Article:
Professor of architecture Pirjo Sanaksenaho, 51, completed her dissertation last year on modern homes and the single-family house ideals in the 1950s and 1960s.
The idea for the dissertation started when Sanaksenaho was in the process of building her own house in Espoo at the beginning of the 2000s. She and her husband, architect Matti Sanaksenaho, designed a bright, open house for their family of five. The house is built around an old, tall oak tree on the property.
“I began to ponder why the small houses designed by architects differed so starkly from the manor-like prefabricated houses that were popular at the time. I wondered where the trend began.”
Sanaksenaho studied how the media wrote about small houses in the 1950s and 1960s. Stories in the papers had an educational quality to them – experts giving advice on what a home should be like.
‘These days, information flows from peer to peer. Living is individualistic. The architecture of one’s home is also a venue for self-actualisation.’
Sanaksenaho has taught future architects since the beginning of the 2000s. She became a professor in 2014. While working at the university, she has also maintained an architecture firm along with her husband. Their work can be seen, for example, in St. Henry’s Ecumenical Art Chapel in Turku, constructed in 2005.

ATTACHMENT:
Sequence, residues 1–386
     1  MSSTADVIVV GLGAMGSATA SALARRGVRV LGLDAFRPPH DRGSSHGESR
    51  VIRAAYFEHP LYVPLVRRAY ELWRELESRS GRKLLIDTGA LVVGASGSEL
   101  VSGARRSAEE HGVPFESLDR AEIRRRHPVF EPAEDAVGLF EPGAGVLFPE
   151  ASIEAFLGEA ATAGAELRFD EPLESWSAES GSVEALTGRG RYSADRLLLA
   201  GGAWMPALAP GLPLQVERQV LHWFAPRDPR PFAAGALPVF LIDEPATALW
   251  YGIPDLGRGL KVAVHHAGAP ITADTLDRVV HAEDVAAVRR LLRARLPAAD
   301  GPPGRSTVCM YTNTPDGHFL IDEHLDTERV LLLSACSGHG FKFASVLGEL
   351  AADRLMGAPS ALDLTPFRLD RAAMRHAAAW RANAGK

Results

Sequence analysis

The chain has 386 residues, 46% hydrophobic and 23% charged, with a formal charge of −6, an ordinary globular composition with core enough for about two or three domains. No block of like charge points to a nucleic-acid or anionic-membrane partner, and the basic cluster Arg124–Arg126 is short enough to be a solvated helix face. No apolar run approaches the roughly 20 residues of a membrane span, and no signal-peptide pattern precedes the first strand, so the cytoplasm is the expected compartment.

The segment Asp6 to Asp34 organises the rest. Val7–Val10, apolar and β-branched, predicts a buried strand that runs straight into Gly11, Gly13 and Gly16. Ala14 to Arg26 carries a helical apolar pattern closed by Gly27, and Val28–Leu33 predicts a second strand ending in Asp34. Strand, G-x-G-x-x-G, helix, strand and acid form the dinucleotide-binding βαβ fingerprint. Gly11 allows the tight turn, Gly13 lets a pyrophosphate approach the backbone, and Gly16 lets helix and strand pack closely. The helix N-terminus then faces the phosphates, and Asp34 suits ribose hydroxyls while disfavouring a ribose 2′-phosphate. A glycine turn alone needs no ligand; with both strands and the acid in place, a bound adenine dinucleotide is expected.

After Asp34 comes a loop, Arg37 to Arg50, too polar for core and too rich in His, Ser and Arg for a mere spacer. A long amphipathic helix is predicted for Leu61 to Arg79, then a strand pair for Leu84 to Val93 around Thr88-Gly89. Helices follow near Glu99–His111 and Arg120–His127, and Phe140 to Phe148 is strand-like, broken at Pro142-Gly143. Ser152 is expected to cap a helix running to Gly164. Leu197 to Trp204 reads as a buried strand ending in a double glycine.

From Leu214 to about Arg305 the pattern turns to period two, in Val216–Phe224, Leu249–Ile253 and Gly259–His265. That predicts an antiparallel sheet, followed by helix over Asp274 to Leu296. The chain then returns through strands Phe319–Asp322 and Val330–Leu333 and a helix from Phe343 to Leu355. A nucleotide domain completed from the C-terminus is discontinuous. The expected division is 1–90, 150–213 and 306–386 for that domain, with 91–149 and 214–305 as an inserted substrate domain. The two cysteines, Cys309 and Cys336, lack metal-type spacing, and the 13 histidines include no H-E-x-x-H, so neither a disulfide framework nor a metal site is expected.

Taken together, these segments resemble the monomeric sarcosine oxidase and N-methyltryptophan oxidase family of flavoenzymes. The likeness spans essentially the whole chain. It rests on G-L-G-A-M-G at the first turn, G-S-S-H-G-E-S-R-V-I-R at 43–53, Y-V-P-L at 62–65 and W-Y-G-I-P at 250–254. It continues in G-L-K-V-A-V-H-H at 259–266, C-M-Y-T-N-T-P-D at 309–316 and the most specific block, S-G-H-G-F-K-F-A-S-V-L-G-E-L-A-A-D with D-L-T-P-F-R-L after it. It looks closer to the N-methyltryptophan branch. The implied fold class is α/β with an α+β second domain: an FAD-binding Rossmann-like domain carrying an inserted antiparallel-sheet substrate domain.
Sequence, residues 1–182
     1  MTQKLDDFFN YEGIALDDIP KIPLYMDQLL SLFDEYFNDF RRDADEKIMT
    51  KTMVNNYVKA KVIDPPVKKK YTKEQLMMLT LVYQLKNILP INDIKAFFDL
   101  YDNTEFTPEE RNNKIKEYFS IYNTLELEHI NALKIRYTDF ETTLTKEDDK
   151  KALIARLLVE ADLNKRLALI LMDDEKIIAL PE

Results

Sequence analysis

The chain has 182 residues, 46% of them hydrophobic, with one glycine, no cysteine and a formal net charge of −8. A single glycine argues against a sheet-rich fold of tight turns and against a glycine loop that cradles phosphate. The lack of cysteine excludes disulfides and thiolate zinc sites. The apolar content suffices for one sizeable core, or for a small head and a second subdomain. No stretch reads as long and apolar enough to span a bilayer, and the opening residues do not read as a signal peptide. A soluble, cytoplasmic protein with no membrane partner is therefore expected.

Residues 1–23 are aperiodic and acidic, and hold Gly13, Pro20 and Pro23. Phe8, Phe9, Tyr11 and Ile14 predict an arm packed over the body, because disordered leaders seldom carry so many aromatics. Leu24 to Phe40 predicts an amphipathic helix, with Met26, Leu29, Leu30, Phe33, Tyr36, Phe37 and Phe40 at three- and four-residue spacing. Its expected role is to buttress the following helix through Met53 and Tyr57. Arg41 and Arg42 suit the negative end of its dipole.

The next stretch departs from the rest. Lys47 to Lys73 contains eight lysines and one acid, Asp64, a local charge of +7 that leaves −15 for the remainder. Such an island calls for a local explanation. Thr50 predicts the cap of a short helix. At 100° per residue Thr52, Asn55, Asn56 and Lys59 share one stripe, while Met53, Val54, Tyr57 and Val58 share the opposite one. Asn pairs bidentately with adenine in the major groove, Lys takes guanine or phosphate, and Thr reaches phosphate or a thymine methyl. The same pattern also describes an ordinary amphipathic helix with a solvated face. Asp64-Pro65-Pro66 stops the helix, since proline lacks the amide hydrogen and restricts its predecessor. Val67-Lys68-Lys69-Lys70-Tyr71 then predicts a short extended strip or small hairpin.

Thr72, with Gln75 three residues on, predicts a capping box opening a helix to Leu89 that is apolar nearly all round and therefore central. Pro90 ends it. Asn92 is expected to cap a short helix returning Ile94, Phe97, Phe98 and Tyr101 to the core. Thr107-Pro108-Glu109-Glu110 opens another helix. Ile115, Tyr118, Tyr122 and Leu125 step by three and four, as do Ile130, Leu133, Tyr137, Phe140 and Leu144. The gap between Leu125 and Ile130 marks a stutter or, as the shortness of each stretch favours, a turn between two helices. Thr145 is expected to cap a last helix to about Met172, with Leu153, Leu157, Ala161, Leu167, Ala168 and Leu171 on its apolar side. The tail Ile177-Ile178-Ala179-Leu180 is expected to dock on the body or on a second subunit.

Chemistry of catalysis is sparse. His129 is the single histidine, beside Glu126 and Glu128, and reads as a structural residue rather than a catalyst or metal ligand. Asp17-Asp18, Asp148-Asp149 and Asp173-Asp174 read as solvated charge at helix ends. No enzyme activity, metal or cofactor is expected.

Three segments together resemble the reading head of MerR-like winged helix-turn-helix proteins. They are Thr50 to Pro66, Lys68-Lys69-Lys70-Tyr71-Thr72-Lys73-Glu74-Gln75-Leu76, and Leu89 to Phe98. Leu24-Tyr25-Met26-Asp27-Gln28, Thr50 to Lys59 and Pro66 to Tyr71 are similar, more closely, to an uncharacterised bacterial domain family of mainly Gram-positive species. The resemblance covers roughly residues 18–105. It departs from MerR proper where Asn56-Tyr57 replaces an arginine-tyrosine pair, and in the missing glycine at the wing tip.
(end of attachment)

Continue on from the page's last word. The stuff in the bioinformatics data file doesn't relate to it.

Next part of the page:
Dissertations are rarer in architecture than in other fields of technology, according to Sanaksenaho, as most architects head straight to work following graduation. Those who pursue postgraduate studies also often have experience from an architecture office before they begin research work.
‘There is nothing wrong with this, of course. One’s understanding about the profession is deepened by practical experience. Working teaches an architect to fit together multiple viewpoints, accommodating the user of the building, the authorities and the builder.’
The professor would like to see future dissertations place a greater emphasis on design, the basic labour of an architect. There are plenty of examples of design-focused dissertations available in the other departments of the Aalto University School of Arts, Design and Architecture.
Duties of an expert
Sanaksenaho believes doctoral graduates in architecture have much to offer society.
‘We must share our expertise, participate in the public discourse around architecture. On the other hand, a dissertation should always produce new knowledge. This knowledge could be crucial to the work of other architects. Architects who hold positions in government, municipalities and businesses transfer their research knowledge to their places of employment. Dissertations could well affect our everyday environments’, she explains.
Time will tell what shape future research takes. Sanaksenaho sees the department’s growing internationality playing a role in dissertations as well. Roughly twenty international master’s students join the department every year, while exchange students number 40.
‘Something new, something that changes the world can be born when cultures and different ways of doing come together’, she says.